|Metachromatic granules are stored phosphate regions that occur in
some species of bacteria. When stained with methylene blue, like the 1000
X images shown here, metachromatic granules take up the dye more intensely
than the rest of the rod-shaped bacterium. Thus a row of irregularly shaped
circles (metachromatic granules) appear close together because they are
contained within one bacterium. The cell wall (outer border) of the bacterium
is not readily seen.
The diagnostic significance of metachromatic granules arises from the fact that the causative agent of diptheria, Corynebacterium diptheriae , characteristically produces metachromatic granules. Nonpathogens that resemble Corynebacterium diptheriae in appearance are termed "diptheroids". The arrangement of the bacteria provide a clue to distinguish the pathogen Corynebacterium diptheriae from the nonpathogenic diptheroids. C. diptheriae bacteria form 90 degree angles to one another, forming "X's", "Y's", or "Chinese letters". In contrast, diptheroids are often in parallel arrangements called "palisades". Although not every bacteria in the field of view will be in one of these arrangements, many can be seen.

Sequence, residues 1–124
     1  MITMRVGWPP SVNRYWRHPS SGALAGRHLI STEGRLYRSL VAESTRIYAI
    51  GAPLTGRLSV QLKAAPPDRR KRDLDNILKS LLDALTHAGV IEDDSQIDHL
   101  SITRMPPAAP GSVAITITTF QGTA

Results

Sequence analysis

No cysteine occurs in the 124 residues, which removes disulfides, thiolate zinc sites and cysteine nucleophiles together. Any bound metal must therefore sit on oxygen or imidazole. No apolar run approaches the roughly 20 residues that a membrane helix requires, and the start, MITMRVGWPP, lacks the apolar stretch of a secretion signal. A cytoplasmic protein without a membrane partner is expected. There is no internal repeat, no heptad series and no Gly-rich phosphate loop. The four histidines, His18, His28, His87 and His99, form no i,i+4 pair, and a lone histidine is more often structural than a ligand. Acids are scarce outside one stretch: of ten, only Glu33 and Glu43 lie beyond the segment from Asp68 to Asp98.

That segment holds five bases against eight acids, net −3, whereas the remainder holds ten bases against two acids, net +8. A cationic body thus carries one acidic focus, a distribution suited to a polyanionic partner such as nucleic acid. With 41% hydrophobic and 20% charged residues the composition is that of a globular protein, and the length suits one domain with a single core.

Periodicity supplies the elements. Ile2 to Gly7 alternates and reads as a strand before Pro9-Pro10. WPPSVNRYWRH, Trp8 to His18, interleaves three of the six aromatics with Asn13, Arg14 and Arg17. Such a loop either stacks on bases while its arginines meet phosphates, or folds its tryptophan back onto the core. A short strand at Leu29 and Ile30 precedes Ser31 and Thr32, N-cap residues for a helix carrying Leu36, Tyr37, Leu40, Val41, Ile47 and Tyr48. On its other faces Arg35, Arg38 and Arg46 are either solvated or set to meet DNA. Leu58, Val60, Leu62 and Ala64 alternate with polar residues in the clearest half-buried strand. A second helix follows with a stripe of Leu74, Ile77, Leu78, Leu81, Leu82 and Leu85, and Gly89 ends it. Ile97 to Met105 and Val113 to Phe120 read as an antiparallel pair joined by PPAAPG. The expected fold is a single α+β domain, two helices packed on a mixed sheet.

Images 1 thru 5 are Corynebacterium xerosis, a nonpathogenic diptheroid that occurs in palisades. The first three images contain a magnified view of bacteria in a palisade, with several of the bacteria outlined for clarity. Images 6 thru 10 are Corynebacterium diptheriae, the pathogen that causes diptheria and produces "Chinese letter" arrangements.